Jim O’Neill, chair of Goldman Sachs Asset management and originator of the term Bric to describe the emerging economies of Brazil, Russia, India and China, will retire later this year.
In addition to coining what is probably the most ubiquitous financial acronym of recent times O’Neill also gained public fame in the UK as leader of the Red Knights, a campaign group opposed to the leveraged-buyout of Manchester United football club by the US-based Glazer family.
He was eventually required to step down from the role over a conflict with the Goldman Sachs’ banking relationship with the family, however. He had previously served as a non-exec at the club.
Chief executive and chair of Goldman Sachs Lloyd Blankfein said in a statement: ‘After nearly 20 years of outstanding service, Jim O’Neill, chairman of Goldman Sachs Asset Management, has decided to retire from the firm later this year.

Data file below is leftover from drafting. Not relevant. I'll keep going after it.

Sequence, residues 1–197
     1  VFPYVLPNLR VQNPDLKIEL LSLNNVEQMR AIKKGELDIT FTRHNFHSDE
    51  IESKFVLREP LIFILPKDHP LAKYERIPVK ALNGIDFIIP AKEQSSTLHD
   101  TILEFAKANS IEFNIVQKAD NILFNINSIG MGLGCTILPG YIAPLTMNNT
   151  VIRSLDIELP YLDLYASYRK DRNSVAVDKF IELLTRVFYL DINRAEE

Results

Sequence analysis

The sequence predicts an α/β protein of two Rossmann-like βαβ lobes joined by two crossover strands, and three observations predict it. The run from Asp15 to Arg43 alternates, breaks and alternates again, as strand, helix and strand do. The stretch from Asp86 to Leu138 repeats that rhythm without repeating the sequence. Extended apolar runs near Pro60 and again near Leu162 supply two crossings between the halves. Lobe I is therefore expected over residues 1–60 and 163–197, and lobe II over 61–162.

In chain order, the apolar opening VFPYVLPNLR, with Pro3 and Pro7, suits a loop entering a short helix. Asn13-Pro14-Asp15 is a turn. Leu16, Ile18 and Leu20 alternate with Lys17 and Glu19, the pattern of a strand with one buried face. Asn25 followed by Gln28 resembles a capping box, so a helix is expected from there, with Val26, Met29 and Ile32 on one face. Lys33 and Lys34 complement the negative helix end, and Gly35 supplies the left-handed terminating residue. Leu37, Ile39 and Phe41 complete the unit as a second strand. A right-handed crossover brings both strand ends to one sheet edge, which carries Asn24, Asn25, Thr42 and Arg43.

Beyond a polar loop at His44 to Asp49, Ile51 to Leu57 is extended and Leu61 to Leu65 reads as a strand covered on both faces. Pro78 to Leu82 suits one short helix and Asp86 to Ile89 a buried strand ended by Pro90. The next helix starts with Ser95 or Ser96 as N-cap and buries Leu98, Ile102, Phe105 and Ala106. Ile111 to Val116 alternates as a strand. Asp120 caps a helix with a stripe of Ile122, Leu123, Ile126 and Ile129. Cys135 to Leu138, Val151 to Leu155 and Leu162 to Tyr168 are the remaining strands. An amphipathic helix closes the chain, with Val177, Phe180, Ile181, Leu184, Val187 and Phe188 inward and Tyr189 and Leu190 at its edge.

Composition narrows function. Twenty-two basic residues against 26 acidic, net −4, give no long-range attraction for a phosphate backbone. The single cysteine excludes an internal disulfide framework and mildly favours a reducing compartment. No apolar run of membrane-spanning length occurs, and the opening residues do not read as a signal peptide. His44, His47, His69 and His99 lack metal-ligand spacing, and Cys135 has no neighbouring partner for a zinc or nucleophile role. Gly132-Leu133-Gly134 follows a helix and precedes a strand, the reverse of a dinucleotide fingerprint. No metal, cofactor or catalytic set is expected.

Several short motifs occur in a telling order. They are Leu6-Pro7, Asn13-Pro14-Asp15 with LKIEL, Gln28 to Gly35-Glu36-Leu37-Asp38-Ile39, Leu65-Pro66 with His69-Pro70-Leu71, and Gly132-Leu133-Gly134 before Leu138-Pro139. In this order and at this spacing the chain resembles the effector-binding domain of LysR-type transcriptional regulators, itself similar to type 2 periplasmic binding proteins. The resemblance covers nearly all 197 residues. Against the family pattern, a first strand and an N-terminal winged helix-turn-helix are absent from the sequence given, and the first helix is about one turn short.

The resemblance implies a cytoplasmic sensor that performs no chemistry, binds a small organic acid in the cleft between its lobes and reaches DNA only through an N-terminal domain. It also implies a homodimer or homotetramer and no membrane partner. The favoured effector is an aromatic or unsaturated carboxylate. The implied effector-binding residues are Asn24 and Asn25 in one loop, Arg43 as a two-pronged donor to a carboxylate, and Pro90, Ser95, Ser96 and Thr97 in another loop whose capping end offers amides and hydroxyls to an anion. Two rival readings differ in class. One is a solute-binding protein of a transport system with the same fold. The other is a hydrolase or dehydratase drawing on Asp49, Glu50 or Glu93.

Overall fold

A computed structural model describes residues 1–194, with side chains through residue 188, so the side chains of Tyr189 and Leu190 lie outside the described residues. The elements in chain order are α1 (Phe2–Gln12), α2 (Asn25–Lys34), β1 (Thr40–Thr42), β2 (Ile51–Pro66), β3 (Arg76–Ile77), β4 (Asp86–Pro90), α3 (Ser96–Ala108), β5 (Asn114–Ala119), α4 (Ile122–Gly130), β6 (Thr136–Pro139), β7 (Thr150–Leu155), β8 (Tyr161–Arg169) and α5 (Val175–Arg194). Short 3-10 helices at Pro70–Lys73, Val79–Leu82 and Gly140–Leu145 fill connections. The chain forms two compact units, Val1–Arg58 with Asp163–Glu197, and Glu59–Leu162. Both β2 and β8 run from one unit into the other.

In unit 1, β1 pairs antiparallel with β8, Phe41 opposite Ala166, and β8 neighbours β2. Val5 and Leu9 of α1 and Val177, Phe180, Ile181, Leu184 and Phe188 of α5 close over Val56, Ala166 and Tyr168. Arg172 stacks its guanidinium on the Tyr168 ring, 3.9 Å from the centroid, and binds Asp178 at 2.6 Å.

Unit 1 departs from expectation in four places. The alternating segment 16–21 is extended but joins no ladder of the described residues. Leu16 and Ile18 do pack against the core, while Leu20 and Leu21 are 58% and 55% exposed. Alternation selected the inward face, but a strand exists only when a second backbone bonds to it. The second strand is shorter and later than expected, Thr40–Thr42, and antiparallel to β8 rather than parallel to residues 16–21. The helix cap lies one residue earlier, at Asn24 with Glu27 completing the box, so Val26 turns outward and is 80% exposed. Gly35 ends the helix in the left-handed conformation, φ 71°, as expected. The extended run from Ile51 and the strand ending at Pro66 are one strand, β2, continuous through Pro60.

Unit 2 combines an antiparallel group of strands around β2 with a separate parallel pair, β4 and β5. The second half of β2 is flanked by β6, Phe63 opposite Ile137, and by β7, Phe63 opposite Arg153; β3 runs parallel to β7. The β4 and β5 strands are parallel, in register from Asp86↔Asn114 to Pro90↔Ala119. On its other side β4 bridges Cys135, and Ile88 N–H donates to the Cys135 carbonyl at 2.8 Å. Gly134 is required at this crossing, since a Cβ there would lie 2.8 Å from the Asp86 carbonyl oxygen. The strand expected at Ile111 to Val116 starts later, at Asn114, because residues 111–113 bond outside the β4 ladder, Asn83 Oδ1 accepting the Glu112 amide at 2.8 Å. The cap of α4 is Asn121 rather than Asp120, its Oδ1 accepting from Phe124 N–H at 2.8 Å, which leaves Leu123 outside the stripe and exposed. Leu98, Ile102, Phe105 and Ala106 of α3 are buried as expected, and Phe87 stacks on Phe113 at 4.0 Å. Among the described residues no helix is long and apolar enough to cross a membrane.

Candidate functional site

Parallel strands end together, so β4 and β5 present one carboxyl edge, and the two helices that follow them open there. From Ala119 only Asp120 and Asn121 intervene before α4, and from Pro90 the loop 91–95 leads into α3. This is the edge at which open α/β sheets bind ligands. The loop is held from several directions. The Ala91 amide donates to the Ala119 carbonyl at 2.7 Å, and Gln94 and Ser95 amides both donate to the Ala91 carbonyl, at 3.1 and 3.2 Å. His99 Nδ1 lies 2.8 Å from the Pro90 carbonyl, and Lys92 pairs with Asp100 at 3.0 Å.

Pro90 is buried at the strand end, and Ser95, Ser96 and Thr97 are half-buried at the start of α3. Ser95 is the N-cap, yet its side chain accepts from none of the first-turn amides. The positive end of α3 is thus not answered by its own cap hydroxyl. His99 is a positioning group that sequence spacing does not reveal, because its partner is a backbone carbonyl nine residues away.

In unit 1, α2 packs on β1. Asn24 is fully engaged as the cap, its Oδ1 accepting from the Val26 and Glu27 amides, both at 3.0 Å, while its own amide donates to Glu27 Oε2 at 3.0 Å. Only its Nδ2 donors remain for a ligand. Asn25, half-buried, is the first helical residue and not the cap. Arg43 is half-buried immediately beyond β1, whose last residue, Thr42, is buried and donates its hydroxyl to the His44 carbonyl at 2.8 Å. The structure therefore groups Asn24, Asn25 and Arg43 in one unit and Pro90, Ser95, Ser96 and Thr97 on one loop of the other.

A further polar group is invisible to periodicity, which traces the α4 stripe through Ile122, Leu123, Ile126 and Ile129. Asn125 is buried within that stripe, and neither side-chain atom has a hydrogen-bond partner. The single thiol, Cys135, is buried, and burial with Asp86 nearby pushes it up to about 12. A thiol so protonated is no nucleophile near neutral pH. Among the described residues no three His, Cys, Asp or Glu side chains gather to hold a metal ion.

‘Jim is an influential economist and thought leader, and is regarded as an expert in the world’s foreign exchange and bond markets.
‘In each of his roles at the firm, Jim has served our clients by formulating views on global economic and market themes and helping them to be positioned for the most significant investment opportunities. We wish Jim and his family all the best in the years ahead.’
O’Neill joined Goldmans in 1995 as a partner, chief economist and co-head of global economic research, and was appointed head of global economic, commodities and strategy research in 2001.
He joined the company’s European management committee in 2006 and was appointed chair of the asset management division in 2010.